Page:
Intel’s Kaby Lake, the company’s 7th-generation Core microprocessor, was never meant to be.

Broadwell, then Skylake: Intel’s tick-tock model was supposed to move on from there to the 10-nm Cannon Lake microprocessor next on Intel’s roadmap. Struggles with 10-nm development forced Intel into its new Kaby Lake processor, however, which officially launched Tuesday.

The “7th Gen” designation is now part of Intel’s official branding.

Maybe it’s no surprise, then, that its benefits are somewhat milder than in generations past. There’s a mere 12- to 19-percent bump in integer performance, helped by a more responsive “turbo boost” capability. A dedicated, advanced video engine promises some real gains—a whopping 2.6X increase in overall battery life when playing back 4K video using specific codecs.

Otherwise, what makes Kaby Lake attractive is its familiarity: Manufacturing it should go smoothly and reliably, analysts say, and over a hundred PC designs are lined up for launch.

At its recent Intel Developer Forum, Intel said it had begun shipping Kaby Lake. The first 2-in-1 PCs and ultrathin laptops will appear this fall, company executives said at a recent briefing. For now, Intel has made a small selection of Kaby Lake chips public: the Y-series (4.5-watt parts) for the lowest-power devices, and the more powerful 15-watt U-series chip. All include two processor cores and four threads.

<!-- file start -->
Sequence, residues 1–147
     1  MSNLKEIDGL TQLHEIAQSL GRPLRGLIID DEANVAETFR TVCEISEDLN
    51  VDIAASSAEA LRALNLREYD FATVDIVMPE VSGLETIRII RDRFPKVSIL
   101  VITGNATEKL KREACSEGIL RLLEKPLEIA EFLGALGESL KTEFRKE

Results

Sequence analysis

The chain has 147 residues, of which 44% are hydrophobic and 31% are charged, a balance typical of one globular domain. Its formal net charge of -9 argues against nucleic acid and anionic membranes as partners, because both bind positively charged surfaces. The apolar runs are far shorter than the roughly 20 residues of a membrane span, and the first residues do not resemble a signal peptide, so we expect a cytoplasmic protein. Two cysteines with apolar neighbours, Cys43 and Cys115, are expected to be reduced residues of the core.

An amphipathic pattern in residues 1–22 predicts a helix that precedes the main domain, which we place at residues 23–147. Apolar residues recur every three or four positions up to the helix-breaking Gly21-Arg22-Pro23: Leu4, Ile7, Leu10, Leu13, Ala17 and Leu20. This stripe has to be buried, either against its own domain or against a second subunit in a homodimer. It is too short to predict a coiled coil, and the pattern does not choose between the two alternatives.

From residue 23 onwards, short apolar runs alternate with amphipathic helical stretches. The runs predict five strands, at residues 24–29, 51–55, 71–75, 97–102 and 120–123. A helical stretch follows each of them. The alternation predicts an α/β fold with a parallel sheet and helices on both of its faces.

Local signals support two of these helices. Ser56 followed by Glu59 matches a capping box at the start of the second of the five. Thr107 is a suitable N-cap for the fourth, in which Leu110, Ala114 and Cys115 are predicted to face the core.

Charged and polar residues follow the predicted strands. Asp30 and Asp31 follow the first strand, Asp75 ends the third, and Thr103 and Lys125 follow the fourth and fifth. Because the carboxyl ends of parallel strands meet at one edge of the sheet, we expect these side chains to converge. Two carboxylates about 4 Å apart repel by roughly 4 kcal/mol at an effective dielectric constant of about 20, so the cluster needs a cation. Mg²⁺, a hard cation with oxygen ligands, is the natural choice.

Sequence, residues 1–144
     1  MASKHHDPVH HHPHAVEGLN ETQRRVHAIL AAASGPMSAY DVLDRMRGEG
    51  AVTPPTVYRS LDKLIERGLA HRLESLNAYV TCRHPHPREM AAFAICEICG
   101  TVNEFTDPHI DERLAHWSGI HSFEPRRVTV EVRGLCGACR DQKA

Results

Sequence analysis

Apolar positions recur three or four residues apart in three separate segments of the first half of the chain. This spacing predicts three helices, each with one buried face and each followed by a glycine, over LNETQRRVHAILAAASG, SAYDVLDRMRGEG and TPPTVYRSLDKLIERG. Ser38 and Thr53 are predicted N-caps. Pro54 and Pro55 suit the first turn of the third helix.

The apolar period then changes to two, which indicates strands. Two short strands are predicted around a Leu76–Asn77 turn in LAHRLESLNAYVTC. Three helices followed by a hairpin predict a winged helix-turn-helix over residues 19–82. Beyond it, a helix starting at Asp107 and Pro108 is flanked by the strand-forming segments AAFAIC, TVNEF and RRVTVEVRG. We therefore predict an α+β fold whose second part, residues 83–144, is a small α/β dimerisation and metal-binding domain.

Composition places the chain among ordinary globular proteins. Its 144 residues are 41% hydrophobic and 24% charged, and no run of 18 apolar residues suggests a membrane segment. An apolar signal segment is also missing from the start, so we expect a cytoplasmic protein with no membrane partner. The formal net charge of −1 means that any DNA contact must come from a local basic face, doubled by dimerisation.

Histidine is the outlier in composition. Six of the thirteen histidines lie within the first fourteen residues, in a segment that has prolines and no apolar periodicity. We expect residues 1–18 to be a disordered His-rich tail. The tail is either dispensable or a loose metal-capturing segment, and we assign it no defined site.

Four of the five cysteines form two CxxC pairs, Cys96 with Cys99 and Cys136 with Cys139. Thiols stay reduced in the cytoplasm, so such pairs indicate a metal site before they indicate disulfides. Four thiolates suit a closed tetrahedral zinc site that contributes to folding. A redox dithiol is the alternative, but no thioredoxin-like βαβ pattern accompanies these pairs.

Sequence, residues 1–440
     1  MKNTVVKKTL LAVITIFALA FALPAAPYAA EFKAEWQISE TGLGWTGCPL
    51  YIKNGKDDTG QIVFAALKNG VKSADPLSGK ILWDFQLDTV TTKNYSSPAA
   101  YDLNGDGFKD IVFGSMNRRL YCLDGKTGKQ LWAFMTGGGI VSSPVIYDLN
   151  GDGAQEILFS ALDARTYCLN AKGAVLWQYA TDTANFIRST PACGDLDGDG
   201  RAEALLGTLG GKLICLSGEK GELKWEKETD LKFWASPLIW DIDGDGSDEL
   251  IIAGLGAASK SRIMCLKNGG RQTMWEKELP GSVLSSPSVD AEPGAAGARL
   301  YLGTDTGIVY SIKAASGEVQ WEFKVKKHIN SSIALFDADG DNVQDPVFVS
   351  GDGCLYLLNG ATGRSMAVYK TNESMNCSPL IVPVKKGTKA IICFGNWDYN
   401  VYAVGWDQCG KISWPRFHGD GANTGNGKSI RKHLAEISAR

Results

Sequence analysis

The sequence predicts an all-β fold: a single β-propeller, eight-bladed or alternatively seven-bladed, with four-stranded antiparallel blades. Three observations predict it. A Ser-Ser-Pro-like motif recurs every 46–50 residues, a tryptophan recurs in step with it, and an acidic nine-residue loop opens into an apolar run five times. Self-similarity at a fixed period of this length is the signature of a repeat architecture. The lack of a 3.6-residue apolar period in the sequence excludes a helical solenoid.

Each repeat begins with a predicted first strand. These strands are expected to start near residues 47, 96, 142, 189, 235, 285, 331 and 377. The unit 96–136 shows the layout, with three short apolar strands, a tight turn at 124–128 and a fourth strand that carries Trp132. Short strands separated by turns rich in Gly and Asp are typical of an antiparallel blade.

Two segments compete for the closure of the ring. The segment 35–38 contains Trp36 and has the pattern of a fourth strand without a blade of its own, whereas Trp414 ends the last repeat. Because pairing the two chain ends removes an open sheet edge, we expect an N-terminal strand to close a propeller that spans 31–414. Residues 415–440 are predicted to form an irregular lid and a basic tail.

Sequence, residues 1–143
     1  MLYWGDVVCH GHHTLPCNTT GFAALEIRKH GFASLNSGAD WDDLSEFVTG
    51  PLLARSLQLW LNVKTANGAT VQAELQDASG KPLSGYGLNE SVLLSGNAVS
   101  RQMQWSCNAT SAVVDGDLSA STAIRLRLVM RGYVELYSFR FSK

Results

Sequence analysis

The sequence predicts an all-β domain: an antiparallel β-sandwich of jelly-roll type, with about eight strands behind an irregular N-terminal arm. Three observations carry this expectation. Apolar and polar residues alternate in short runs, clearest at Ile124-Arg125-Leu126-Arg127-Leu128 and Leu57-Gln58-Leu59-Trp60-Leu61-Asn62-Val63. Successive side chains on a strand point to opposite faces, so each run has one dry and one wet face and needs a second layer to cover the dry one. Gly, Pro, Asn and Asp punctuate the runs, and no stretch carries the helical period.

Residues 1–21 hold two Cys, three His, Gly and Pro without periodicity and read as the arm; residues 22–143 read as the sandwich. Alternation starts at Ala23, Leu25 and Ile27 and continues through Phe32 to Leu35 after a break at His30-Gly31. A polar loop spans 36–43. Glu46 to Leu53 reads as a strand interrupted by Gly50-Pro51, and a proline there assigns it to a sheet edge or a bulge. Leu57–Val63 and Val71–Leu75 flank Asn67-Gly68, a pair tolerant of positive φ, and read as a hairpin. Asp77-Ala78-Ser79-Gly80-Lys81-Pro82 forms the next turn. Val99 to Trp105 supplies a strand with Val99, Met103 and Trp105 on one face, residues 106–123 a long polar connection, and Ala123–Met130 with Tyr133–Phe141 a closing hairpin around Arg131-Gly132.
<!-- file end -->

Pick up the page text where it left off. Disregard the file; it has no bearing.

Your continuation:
Intel’s 7th-gen Kaby Lake is built on a 14-nm process similar to that of Skylake CPUs, but manufacturing tweaks give it a performance boost, the company says.

Why this matters: Intel’s new processors typically usher in a new generation of PCs, as their makers pray consumers will rush out to buy new hardware. Kaby Lake, seems optimized for what consumers are actually doing, rather than trying to create a new market (VR, anyone?). But there’s another factor to consider: AMD’s Zen, a rival processor architecture that haspromised to rival Intel’s performance. Perhaps by next summer, consumers will have some true choice in their next PC.

Kaby Lake’s modest boost in performance

For years, Intel has operated on a “tick-tock” strategy, first migrating an existing design to a finer, more efficient manufacturing process (tick), then rearchitecting the chip with new features and optimizations (tock). Kaby Lake interrupts the process, acting as a second tock after Skylake. Intel was challenged to give Kaby Lake room to improve upon its predecessor.


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